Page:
Published: Oct 20 2009 / 01:02
I think the most interesting thing about this framework is Java isn't used at development time (http://www.playframework.org/documentation/1.0/main):
"Don’t look for compiled Java classes. The framework compiles the Java source code at runtime and only keep compiled classes in a bytecode cache under the tmp directory. The main executables artifacts in a play application are the .java source files, not the compiled classes."
And the Servlet API isn't used either (http://www.playframework.org/documentation/1.0/faq):
"Play is standard Java, so any standard Java library can easily be used. However keep in mind that Play does not use the Servlet API (even if you can get it work in a standard servlet container using the WAR export)."
Well, I'm wonder if you are ironic, Matt ? :)
No, I (genuinely) am curious to know how the Java files are read and executed. I haven't made the time to read through the source to see, but I'm sure it's pretty slick.
Well, it is pretty simple in fact. Play just has it own application ClassLoader. And when the JVM asks this classloader for a Class, it just search for a .java file instead of a .class file and give it to the eclipse compiler (we embed it).
And after the classic compilation we do a little of bytecode enhancement (using Javassist); yes we need a little of black magic to retrieve local variable names at runtime, or transform all the static methods of the Model superclass to polymorphic methods.
In a way like the Resin feature where the app server takes care of compiling? So instead of the IDE or 3rd party builder the container/framework monitors the .java timestamps.
People can't be ironic. Situations are ironic. People are sarcastic.
But back to the actual subject. Play! certainly looks interesting. You guys did a good job on the "5 minute test" of stating why someone might want to take a closer look. You have some unique features there. It's great to see Java web frameworks come out that are focused on simplicity, agility, little configuration, and giving more to the developer than the developer has to give to the framework!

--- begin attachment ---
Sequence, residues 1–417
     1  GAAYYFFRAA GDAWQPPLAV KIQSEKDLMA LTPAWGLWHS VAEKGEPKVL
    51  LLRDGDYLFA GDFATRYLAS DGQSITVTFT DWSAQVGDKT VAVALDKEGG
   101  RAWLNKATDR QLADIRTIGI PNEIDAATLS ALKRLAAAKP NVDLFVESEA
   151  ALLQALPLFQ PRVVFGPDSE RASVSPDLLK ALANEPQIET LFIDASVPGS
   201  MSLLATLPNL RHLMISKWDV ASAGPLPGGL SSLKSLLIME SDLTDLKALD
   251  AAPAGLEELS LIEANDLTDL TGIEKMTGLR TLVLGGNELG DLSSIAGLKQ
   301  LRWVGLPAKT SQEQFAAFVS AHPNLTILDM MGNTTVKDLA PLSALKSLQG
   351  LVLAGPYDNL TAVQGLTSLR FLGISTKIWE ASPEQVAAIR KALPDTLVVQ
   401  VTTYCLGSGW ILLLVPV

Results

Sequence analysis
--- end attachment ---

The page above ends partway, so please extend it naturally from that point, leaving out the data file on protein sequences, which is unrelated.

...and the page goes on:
Congratulations on your release. I'll be checking it out, being a web framework junkie ;-)
PHP must be shifted by either Java or .NET languages like C# and ASP
It's been a long time coming. I have a similar concept for my custom framework - stateless, java based, supports openid, method execution from views thanks to el-functors... Mine doesn't expose restful urls, and embeds spring for convenience but at the day its the same concept - better Java development through a stateless, no-hassle development paradigm.
It's the future of Java web definitely. The next layer will simply add components to it.
Looks good but there are somethings I didn't like it for example the template uses something based on Groovy? whats that. I would prefer something that everybody knows as Velocity or Freemarker are superior and easy to use. Then Java it feels static to this way of development, I would prefer to use Groovy and Grails or Python and Django or Ruby and Rails. Its amazing what they are trying to do but I don't feel it natural as the dynamic languages. With Java I prefer to use straight Spring MVC or Wicket etc. This is just my opinion.
But I want to say Congratulations for this great job to the team.
Velocity or Freemarker are great for sure, but I don't think they are superior. The play template stuff is very very cool. Moreover we needed some things that doesn't exists in other templating engine as the integrated reverse routing or i18n capabilities.
I have to admit Java is not as cool as Ruby. But it has some advantages. Way more faster and robust. A lot of tools. And of course a lot of developers. Moreover when we'll support Scala I think it will be even cooler than Ruby;
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